Just like no two snowflakes are alike; we too are all unique individuals.
In other words, dietary requirements can vary dramatically from person to person based on nutritional and biochemical make-up.
This is biochemcial individuality.
This also explains why some folks do better with more animal products in their diet, while others do best with less.
When I begin working with a client, far too often I hear “but so and so of the vegan world says I should do this, or this expert from the paleo faction says I should do that.”
Even though my clients have been doing “that” their results are the quite the opposite of what the so called “expert” says they should be.
Why is this?
There are several reasons a particular diet isn’t giving you the results you want: heredity, constitution, life cycle, and stress.
If your ancestors come from a tropical climate, you may be able to tolerate more carbohydrates. If your ancestors come from a colder climate, higher amounts of fat and protein may feel good in your body. If you look at Chinese and Ayurvedic medicine, both are very clear in their classification of different constitutions and the many different types of foods and herbs required to support them.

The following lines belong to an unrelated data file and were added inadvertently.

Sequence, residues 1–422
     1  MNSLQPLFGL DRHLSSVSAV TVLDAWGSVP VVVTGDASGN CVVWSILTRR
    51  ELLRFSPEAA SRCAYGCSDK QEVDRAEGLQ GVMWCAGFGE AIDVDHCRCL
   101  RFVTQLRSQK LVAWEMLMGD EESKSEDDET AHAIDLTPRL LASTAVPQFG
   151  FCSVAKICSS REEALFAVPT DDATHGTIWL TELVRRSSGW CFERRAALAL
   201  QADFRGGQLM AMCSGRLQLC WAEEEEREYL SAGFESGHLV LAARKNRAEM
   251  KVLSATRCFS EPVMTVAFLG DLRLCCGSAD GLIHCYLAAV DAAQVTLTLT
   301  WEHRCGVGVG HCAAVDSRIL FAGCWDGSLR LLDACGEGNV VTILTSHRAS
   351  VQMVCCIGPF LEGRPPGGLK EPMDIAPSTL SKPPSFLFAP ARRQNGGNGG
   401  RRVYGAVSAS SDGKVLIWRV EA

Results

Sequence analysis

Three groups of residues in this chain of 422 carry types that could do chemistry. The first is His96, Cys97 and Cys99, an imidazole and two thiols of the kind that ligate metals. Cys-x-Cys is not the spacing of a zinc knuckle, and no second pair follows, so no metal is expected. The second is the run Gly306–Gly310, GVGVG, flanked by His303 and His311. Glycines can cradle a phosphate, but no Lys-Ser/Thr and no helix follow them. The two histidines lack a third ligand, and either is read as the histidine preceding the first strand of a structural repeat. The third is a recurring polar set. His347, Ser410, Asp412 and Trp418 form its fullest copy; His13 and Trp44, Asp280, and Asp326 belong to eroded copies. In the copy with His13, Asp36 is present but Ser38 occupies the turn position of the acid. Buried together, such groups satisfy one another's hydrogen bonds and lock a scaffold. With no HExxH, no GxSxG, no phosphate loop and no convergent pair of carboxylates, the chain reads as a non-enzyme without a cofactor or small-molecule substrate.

From a biochemical standpoint, low-serotonin depression types do better with more animal protein; those with high anxiety (too much methyl) that lean in the opposite direction, do better on more of a vegetarian style diet with less animal protein.
In other words, one man’s medicine is another man’s poison.
Through out your life, your body will go through many cycles of cleansing and rebuilding (anabolic/catabolic cycles). Both processes require very different nutrients so it makes no sense to think that one dietary approach is going to sustain you forever, let alone for months at a time. I made this debilitating mistake for three years on a raw vegan diet.
Environment, stress, food, and emotions all play a role in these cycles. This is where epigenetics – the software that tells your hardware (DNA) what to do – starts giving you errors; just like the kind you see on your computer screen.
For example, let’s say you’re a foreign student from Japan attending school in NYC. Growing up you ate an iodine, omega-3 rich diet of fish, sea vegetables, white rice, sweet potatoes, pork, and eggs.
This diet left you naturally slim and healthy.
You get off the plane and are immediately bombarded with the stress of being in a new country, with a language and diet that are completely foreign to you. Your body is in shock. This shock creates epigenetic errors (deficiencies) that begin to affect how you feel, think, and act. Even though you’ve steered clear of American junk food, the diet in your new homeland is still very different than the ancestral diet you grew up with.
Due to nutrient deficiencies from food and stress, you begin to put on weight, develop clinical depression, and generally feel rotten.
Sure, we all need a balanced ratio of macronutrients (proteins/carbs/fats), but the ratio is different for everyone based on their biochemical individuality.
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